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ONB Ridge Villa One, LLC v. Snider

United States District Court, N.D. Ohio

August 26, 2019

ONB RIDGE VILLA ONE, LLC, Judgment Creditor,
v.
DAVID B. SNIDER, Judgment Debtor, and ROBIN SNIDER, et al., Third-Party Claimants.

          OPINION & ORDER [RESOLVING DOC. 123]

          JAMES S. GWIN UNITED STATES DISTRICT JUDGE

         Judgment Creditor, ONB Ridge Villa One, LLC (“ONB”), seeks garnishment of certain assets formerly in the possession of Judgment Debtor, David Snider. Claimants, [1] the spouse and children of Snider, argue that Snider lawfully transferred or disclaimed any interests in the disputed assets, making Claimants the lawful owners. In response, Creditor ONB claims the transfers were fraudulent and that the property remains subject to garnishment.

         With this opinion, the Court decides whether Snider's earlier assignments of Snider's interest in various assets and whether Snider's disclaimer of interests in certain trusts, stops ONB's efforts to garnish that property and trusts.

         In February 2013, Judgment Creditor ONB sued Snider, alleging fraud and conversion of money. Plaintiff ONB contended it had entered a contract to have Snider's company construct an expensive home in the Virgin Islands and that Snider's company and Snider broke the construction contract and misappropriated ONB construction payments.[2]

         In March 2014, the parties settled the lawsuit with Snider agreeing to pay $750, 000 to Judgment Creditor ONB.[3] In August 2015, after Snider's failure to satisfy his debt to ONB, this Court granted ONB's motion to enforce the Settlement Agreement.[4] The Court entered a judgment against Snider in the amount of $700, 000.[5] That judgment remained uncollected.

         On March 12, 2019, this Court issued a Notice of Garnishment to the Trustees of various trusts associated with Snider.[6]

         The Garnishees responded that Snider earlier assigned some of the property and Snider earlier disclaimed his interest in various trusts.[7]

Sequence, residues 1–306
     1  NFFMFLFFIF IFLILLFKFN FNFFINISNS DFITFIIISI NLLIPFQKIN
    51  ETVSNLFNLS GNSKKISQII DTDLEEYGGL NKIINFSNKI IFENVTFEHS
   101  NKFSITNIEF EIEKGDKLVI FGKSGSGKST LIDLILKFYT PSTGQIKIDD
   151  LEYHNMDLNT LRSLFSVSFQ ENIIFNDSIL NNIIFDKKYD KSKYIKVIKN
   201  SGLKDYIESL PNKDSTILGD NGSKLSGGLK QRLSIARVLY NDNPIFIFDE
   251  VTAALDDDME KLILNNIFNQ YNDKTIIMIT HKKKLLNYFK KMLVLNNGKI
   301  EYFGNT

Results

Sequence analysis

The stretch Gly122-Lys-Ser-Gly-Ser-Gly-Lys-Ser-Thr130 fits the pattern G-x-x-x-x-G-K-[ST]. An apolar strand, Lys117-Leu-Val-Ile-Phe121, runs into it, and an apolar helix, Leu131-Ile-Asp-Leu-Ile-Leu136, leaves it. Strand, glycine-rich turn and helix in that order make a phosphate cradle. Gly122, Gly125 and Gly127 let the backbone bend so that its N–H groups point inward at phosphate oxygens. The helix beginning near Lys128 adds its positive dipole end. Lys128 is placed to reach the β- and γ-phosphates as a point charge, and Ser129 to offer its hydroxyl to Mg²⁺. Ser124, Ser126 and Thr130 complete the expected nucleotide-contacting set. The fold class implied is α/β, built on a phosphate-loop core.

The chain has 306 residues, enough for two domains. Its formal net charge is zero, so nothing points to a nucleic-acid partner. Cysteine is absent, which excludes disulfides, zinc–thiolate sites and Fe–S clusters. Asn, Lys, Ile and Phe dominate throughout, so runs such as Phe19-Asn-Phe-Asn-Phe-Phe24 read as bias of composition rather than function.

Third-Party Claimants seek dismissal of the garnishment proceedings and attorneys' fees and costs in respect to the present complaint.

         For the following reasons, the Court GRANTS IN PART and DENIES IN PART Third-Party Claimants' request to vacate the garnishment order and DENIES Third-Party Claimants'

         Discussion

         A. Trust Disclaimer

         The Court previously garnished several trusts belonging to Judgment Debtor Snider.[8] The Snider Children Claimants allege that Snider earlier disclaimed any interest in these Trusts and that the Children Claimants now own Snider's former interests in the Trusts. The Children thus argue that ONB cannot collect from the Trusts proceeds.

         The Court largely agrees.

         “A disclaimer . . . is final and binding upon all persons.”[9] “[N]o creditor of a disclaimant may avoid a disclaimer.”[10]

         Judgment Creditor argues that the Trusts may still be garnished, because Snider's disclaimers were fraudulent transfers. However, Creditor ONB's argument runs into the explicit Ohio Rev. Code § 5815.36(N)(2) language that states that “[a] disclaimer is not considered a transfer or conveyance.”

         In support of its argument that a disclaimer can be avoided, ONB relies on a 2013 Ohio Court of Appeals case. But that 2013 case used precedent that pre-dates the enactment of § 5815.36(N)(2).[11]

         The Court sees no reason to ignore the explicit language of the statute. Under Ohio law, a disclaimer is not a transfer or a conveyance and therefore ...


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